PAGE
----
The latest report from RICS has shown new buyer enquiries remain flat and have now failed to see any meaningful growth since November 2016. Near term expectations remain positive but point to a relatively modest rise in activity in the months to come.
The headline price balance came in at +24% in February, unchanged from a downwardly revised figure of +24% in January.
Respondents in most regions reported an increase in prices with the strongest growth in the North West of England and notable improvements in Northern Ireland as well. London and the North East of England remain the exceptions with momentum in the former deteriorating for the fourth consecutive month. In fact, surveyors have now reported a fall rather than a rise in London prices for a full year (with most of this activity concentrated in the inner boroughs).
Having moved into positive territory last September, new buyer enquires seem to have gradually lost steam over the past few months ending February on a flat reading.
At a regional level, momentum remains strongest in the South West and weakest in the East Midlands.
Meanwhile, the deterioration in the supply of new listings reported in January was confirmed once again this month with 14% more respondents reporting a decline in instructions relative to the prior period’s 12%. The pace at which new instructions are dwindling appears to be particularly acute in the North West of England and West Midlands.
With demand flat and the supply of new property continuing to slip, the national agreed sales indicator pointed to another steady month for transactions, posting a reading of +2% (following -2% previously). Sales activity appears to have picked up in London after nearly a year of negative to flat growth. Tight supply conditions across a majority of the regions coupled with stable sales activity has led to a further erosion of available stock for sale, with the average stock per surveyor just shy of a record low. Indeed, respondents across most parts of the UK continue to highlight in their comments the supply shortage to be very dominant feature of the market at present.
The outlook for transactions show signs of measured optimism as near term expectations remain broadly unchanged at +16% (from +15% in January). At the twelve month horizon, respondents across nearly all areas are more confident with a net balance of 37% of contributors forecasting activity to rise. Wales and Northern Ireland report the strongest expected improvements, followed by Scotland and the North West of England.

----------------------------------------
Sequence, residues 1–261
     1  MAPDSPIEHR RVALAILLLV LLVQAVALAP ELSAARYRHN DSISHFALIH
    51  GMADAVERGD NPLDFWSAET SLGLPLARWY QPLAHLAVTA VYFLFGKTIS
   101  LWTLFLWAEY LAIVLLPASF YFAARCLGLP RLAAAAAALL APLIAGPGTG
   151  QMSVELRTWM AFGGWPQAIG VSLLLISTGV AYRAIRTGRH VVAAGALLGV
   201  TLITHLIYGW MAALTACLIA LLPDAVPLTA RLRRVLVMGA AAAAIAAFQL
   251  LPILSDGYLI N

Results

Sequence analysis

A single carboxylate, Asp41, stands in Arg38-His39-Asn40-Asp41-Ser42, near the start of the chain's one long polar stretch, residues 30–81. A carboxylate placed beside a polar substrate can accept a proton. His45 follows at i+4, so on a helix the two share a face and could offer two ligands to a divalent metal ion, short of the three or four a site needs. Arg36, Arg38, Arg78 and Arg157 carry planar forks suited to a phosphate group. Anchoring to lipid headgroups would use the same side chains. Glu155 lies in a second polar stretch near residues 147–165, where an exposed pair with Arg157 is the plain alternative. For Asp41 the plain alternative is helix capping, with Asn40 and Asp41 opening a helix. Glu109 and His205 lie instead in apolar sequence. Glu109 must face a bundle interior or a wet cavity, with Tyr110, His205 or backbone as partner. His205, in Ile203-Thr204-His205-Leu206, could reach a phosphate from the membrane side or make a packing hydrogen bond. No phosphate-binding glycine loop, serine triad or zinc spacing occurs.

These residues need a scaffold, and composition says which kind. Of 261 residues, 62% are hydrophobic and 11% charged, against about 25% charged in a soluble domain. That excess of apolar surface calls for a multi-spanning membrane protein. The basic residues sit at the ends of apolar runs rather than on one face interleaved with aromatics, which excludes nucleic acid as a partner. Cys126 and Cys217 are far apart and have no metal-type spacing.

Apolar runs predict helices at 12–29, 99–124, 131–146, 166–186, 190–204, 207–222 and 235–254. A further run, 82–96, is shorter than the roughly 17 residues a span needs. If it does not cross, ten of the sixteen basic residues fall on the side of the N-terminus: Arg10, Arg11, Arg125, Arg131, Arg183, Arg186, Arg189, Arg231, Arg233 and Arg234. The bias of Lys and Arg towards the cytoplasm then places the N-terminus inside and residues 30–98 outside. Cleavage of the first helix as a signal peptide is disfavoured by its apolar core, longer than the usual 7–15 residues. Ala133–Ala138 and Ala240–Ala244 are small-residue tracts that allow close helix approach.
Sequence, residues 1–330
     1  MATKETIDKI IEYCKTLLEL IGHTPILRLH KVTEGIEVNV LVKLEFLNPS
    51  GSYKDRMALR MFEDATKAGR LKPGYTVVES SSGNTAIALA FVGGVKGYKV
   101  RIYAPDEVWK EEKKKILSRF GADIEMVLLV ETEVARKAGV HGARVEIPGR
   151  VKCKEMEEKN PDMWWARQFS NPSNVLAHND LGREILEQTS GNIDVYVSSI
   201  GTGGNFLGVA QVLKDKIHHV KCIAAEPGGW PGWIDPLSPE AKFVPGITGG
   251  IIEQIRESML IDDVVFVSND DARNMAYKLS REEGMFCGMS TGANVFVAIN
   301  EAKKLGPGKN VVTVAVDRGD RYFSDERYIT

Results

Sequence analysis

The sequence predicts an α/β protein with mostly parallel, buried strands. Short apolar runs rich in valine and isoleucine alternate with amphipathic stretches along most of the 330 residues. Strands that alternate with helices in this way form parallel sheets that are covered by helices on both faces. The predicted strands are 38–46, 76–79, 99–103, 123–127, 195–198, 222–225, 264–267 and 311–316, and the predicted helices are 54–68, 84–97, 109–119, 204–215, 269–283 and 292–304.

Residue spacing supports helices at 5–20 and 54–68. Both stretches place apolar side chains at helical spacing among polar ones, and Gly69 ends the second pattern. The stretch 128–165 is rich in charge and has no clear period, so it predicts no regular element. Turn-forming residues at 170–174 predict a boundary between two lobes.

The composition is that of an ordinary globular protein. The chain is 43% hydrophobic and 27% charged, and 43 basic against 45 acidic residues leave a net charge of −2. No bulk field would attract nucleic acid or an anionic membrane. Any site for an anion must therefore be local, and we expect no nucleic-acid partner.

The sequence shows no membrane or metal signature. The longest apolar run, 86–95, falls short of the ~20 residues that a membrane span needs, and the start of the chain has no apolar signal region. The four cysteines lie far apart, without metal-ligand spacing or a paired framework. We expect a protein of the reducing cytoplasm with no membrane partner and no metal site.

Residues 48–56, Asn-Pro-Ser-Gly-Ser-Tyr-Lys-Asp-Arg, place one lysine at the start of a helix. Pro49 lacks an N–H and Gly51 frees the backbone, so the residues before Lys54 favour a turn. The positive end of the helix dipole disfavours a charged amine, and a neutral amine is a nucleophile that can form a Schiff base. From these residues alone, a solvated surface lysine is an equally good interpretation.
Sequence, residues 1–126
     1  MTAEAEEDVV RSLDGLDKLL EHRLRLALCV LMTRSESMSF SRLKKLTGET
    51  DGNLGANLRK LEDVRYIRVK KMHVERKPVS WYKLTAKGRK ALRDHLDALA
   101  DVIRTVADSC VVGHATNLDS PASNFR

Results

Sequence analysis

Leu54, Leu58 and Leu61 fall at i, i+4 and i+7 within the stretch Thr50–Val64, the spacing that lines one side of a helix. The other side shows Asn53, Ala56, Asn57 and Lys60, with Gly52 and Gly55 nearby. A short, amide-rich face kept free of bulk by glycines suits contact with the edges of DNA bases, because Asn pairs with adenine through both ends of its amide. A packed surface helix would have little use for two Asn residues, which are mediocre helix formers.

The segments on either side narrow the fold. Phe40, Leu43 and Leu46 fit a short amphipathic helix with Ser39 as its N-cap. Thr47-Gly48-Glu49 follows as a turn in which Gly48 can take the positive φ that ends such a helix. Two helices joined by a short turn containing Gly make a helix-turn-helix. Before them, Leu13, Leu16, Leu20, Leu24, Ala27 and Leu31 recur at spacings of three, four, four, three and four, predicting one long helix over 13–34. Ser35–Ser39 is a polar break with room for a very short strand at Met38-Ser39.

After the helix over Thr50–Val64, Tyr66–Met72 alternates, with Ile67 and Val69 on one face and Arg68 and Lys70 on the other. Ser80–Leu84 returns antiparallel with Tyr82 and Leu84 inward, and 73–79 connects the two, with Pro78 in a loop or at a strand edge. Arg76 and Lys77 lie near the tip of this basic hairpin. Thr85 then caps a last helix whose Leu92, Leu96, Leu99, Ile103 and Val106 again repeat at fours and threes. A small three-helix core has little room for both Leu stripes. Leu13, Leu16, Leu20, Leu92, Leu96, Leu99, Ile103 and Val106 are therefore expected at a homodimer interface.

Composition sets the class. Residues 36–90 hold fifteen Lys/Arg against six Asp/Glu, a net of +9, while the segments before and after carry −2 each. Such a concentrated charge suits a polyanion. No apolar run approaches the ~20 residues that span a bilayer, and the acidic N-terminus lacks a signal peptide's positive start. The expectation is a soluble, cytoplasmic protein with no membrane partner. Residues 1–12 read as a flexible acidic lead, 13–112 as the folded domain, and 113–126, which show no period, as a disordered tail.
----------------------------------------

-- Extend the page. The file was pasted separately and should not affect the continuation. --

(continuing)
Price expectations over the next three months were unchanged in February, with 13% more respondents expecting a rise rather than a fall. Both London and the North East of England report near term weakness in prices. At the national level, the outlook improved noticeably over the year to come with a net balance of 63% of surveyors forecasting growth (compared to January reading of +53%).
In the lettings market, tenant demand rose for the third consecutive month as 15% more respondents noted an increase (rather than a fall) on a non-seasonally adjusted basis. Nevertheless growth in demand is more modest than a year ago when 29% more respondents reported an increase. The flow of new landlord instructions, however, reportedly deteriorated, with a net balance of -10% the weakest reading in over two years. This negative trend is likely to persist over at least the next couple of months as changes to mortgage interest tax relief start to take effect in April.
As such, rent expectations remain in firmly positive territory with a net balance of +24% in February. Further out, over the next twelve months, survey respondents forecast rent to rise by a further 2.7%. Moreover, rental growth is anticipated to accelerate to average 4.4% per annum over the next five years.
The London rental market continues to be an exception with surveyors reporting weak tenant demand along with negative near term rental expectations.
Stephen Wasserman, Managing Director of West One Loans, said: “The persistent supply vs. demand challenge plagues the property market, with landlords looking to capitalise on strong demand having to overcome sustained supply-side issues. The changes to buy-to-let taxation are likely encouraging some to put the brakes on their investments but, with many hungry renters, landlords shouldn’t walk away completely. Perseverance is likely to deliver results, and we’ve seen both in the BTL market and the linked bridging finance market a significant switch by professional landlords, to buying through limited companies and other methods to mitigate the tax changes.
The government and private sector are working to rectify the supply issue, but this will take time and there are opportunities for investors in the interim too. Indeed, at the end of last year we saw a significant recovery in the bridging loan market after stutters provoked by the summer’s economic storms. We anticipate this trend will continue as the housing supply is squeezed and investors are ever more likely to need quick and flexible financing options to enable them to move quickly and push deals across the line. The industry has to respond, there are opportunities out there and pace is key.”